Building a better banking system, by Alasdair Macleod

Is eliminating limited liability for banks and other dealers of credit the key to a better banking system? From Alasdair Macleod at

This article anticipates the rapidly approaching time when we might be engulfed in a combined currency, asset, and banking crisis. It is becoming clear that such an event can no longer be ruled out.

Economists of the Austrian school have argued that sound money would have prevented a crisis of this sort, and without it the crisis becomes inevitable. The argument for sound money, in other words, a credible gold coin exchange system for banknotes, has already been made. But the question remains over how bank credit, whose fluctuations for a long time have been behind the boom and bust of the business cycle, should be addressed.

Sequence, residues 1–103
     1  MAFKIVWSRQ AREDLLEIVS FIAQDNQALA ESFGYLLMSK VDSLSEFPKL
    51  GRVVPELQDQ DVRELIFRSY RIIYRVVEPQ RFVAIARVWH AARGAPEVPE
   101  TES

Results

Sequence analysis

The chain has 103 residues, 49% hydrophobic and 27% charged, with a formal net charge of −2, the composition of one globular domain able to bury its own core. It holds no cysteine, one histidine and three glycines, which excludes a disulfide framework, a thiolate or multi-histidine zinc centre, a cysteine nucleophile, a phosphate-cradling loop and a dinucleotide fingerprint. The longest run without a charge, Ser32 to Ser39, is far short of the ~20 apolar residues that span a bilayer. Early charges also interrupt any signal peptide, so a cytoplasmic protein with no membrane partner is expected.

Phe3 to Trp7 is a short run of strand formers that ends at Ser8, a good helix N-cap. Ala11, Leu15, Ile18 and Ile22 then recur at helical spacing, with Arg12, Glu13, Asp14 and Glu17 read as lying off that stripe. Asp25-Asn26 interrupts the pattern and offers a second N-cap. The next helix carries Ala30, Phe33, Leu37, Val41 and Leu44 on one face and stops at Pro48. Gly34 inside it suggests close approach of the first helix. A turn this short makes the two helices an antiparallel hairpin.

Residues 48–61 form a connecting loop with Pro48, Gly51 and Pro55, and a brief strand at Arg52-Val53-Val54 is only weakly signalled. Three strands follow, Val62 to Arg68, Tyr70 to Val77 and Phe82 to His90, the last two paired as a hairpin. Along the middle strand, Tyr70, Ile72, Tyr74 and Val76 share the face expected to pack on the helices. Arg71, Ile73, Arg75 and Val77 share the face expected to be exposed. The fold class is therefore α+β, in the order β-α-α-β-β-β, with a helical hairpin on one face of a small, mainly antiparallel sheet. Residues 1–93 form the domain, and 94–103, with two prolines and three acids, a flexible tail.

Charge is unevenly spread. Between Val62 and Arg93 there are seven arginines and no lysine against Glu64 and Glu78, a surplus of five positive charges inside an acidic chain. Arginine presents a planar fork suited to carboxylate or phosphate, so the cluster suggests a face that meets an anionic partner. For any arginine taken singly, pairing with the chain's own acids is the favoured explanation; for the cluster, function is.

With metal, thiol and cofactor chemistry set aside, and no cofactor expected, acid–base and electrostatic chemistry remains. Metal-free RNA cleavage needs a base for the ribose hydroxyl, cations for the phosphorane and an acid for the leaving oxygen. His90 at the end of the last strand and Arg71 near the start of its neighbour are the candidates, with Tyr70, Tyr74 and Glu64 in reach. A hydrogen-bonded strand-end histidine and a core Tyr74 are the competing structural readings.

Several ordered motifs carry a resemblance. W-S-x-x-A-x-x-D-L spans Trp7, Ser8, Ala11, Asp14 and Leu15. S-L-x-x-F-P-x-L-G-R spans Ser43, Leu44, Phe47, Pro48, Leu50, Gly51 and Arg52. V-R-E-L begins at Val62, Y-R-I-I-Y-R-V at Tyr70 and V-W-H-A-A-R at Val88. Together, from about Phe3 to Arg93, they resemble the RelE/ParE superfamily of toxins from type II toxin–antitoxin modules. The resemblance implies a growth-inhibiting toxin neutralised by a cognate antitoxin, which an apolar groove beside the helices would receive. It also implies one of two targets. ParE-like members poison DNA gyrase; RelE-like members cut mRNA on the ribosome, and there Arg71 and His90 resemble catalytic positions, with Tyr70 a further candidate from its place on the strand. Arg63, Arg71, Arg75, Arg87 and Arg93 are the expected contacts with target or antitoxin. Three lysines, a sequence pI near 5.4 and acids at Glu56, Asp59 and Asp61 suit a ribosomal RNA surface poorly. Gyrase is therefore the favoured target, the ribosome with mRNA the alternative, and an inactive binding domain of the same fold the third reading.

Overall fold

Some Austrians argue in favour of a dual banking system, split into separate functions of custodians of deposits and arrangers of finance. They say this arrangement would banish bank credit expansion and the destructive business cycle with it.

But credit creation is not restricted to banks and is common in all economic activities. Banning banks from dealing in credit cuts across established law over credit which has evolved since Roman times. By doing so, banks of deposit would probably fail as a permanent solution and could turn out to be impractical as well.

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